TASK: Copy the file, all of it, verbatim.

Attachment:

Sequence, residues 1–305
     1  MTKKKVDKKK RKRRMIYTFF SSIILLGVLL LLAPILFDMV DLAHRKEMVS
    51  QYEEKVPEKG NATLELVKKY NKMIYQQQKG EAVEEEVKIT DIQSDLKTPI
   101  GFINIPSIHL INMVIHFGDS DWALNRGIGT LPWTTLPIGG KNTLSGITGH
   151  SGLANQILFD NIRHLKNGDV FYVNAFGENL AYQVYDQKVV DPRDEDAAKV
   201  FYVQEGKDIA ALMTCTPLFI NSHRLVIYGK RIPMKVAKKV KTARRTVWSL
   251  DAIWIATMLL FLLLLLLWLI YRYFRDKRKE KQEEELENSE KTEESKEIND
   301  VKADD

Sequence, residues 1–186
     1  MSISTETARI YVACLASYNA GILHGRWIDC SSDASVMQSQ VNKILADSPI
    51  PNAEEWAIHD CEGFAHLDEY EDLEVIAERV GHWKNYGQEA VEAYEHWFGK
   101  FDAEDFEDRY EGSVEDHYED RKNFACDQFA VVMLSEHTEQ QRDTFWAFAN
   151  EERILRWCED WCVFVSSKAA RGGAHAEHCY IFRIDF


Sequence, residues 1–305
     1  MTKKKVDKKK RKRRMIYTFF SSIILLGVLL LLAPILFDMV DLAHRKEMVS
    51  QYEEKVPEKG NATLELVKKY NKMIYQQQKG EAVEEEVKIT DIQSDLKTPI
   101  GFINIPSIHL INMVIHFGDS DWALNRGIGT LPWTTLPIGG KNTLSGITGH
   151  SGLANQILFD NIRHLKNGDV FYVNAFGENL AYQVYDQKVV DPRDEDAAKV
   201  FYVQEGKDIA ALMTCTPLFI NSHRLVIYGK RIPMKVAKKV KTARRTVWSL
   251  DAIWIATMLL FLLLLLLWLI YRYFRDKRKE KQEEELENSE KTEESKEIND
   301  VKADD

Sequence, residues 1–186
     1  MSISTETARI YVACLASYNA GILHGRWIDC SSDASVMQSQ VNKILADSPI
    51  PNAEEWAIHD CEGFAHLDEY EDLEVIAERV GHWKNYGQEA VEAYEHWFGK
   101  FDAEDFEDRY EGSVEDHYED RKNFACDQFA VVMLSEHTEQ QRDTFWAFAN
   151  EERILRWCED WCVFVSSKAA RGGAHAEHCY IFRIDF